30th December – Start My Engines… Sunday, May 22 2011 

I started machining as soon as possible, a process of around 8 hours solid. only to find that I had gotten confused when translating my measurements to the computer, because of this the recess that holds the barrel was machined too deep, this has the effect of not leaving enough material for the centre wheel jewel to seat into, and also removing some material around the setting mechanism.. Not good!

Re-working the machining file and tooling up, I re-made the mainplate, This time the alignment between the front and back was off by about 0.5mm, as was the next one, so I finally figured out a method of lining the front and back of the plate up a bit more effectively. I had been relying on using locating holes in each plate lining up with matching holes in a perspex machining jig.

Perspex Jig to hold plates


The new method involves moving a tapered point inside holes in the plate, adjusting slightly, moving to the next hole and so on, until the point is in the centre of all of the holes. Using this method I machined a set of both mainplate and bridges, all appearing to line up within about 1/10th of a mm.

Raw Train Bridge

Mainplate with barrel and balance bridges

I enlarged all of the bridge hole to the proper sizes for all of the jewels, and fitted them all, then did the same for the train bridge. As I test fitted the train wheels it became apparent that something was not quite right, the 4th wheel with the extended pivot for the small seconds hand would no longer fit through the jewel.  After a quick modification and removal of the long pivot, the wheel would fit. Success!!  Steady pins were added to the train wheel bridge so that it would locate in the correct place every time, taking a cue from Peter Speake-Marin I made these pins tapered, so that as the bridge is lowered it fits neater than if they had been completely parallel.

Mainplate with train bridge fitted

Short lived success though.. after placing the rest of the wheels in to the plates the first 2 wheels in the train mesh a little tightly and the 3rd and 4th wheel do not touch at all!  and to top everything off, I’ve run out of brass to mill plates out of and most people are closed over Christmas / New Year.. so at least this gives me some time to work on the dial and hands…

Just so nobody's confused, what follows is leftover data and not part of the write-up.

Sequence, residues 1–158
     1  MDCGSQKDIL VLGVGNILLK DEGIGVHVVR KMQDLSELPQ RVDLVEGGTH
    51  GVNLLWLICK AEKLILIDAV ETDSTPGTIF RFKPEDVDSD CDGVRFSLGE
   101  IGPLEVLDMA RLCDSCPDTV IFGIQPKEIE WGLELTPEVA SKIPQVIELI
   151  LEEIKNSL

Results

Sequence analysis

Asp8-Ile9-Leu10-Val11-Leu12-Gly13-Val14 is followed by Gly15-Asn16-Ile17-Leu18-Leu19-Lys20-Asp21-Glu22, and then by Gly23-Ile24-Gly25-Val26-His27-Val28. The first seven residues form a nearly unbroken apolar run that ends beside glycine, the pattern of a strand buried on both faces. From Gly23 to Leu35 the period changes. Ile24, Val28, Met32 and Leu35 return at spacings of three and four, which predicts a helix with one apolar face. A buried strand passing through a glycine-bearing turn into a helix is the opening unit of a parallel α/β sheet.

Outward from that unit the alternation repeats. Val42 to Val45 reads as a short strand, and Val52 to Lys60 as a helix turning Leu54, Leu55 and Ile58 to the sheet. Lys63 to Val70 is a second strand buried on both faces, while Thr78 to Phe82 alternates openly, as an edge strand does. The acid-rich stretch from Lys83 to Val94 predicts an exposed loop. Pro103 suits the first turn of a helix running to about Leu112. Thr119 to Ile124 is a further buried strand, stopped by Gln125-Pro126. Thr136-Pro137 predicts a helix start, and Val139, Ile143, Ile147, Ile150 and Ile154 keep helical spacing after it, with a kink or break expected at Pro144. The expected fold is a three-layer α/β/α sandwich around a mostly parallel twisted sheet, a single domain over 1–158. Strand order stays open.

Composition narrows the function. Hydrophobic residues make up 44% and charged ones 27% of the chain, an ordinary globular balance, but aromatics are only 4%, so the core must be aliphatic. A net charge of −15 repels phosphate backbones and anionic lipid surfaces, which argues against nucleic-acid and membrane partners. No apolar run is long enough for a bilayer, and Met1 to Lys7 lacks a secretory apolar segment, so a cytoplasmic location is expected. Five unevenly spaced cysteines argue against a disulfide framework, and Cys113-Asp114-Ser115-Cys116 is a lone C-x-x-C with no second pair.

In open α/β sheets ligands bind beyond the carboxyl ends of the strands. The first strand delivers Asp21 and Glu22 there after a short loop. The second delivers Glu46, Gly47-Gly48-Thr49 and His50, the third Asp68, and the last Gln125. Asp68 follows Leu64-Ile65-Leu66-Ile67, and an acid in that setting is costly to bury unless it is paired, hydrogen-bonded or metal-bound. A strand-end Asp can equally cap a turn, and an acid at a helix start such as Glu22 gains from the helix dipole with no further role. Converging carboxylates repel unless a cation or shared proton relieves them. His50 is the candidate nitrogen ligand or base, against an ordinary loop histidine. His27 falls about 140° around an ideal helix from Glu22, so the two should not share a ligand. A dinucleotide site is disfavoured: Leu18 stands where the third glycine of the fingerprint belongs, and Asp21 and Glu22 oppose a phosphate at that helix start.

Things you discover when remodelling a watch movement… Sunday, May 8 2011 

Some interesting points.

While I tried to reduce the overall diameter of the movement under the original, it ended up being very close to the original (this was actually a good thing – will explain in a later post)

The original movement uses large (2mm outside diameter) jewels on the bridge side of the movement, and small (1mm outside diameter) jewels on the dial side of the movement, while this has little functional effect, I prefer to have nice beefy jewels on both sides, as it looks much better, and I had a few spare due to the number of movements I had bought.

Dial Side, showing jewel sizesBridge side, showing Larger jewel sizes

Bridge side, showing Larger jewel sizes

The original movement uses the manipulate itself as the lower bearing for the barrel and this is a common wear point for many watches (looking at you Seiko.. and early Rolex as well..) I decided to replace this with a jewel (coincidentally the same pivot diameter as the centre wheel) although I haven’t found a jewel large enough for the upper bearing, I will use a bronze bushing for this, which at least can be easily replaced.

Because of the way I had moved the train around, the setting mechanism would no longer fit in the orientation that it was originally used, luckily (again) the 6497 and 6498 use a mirror image of the setting mechanism, and with some juggling, I found a spot where everything appeared to play nicely.


Handy!

Over the Christmas break I also caught up with a number of friends, amongst whom is a retired engineer who’s father was a watchmaker, he showed me an old electric car clock, and the hands immediately took my fancy, I knew straight away that these shapes had to end up on my watch.

Neat hands, stylish too!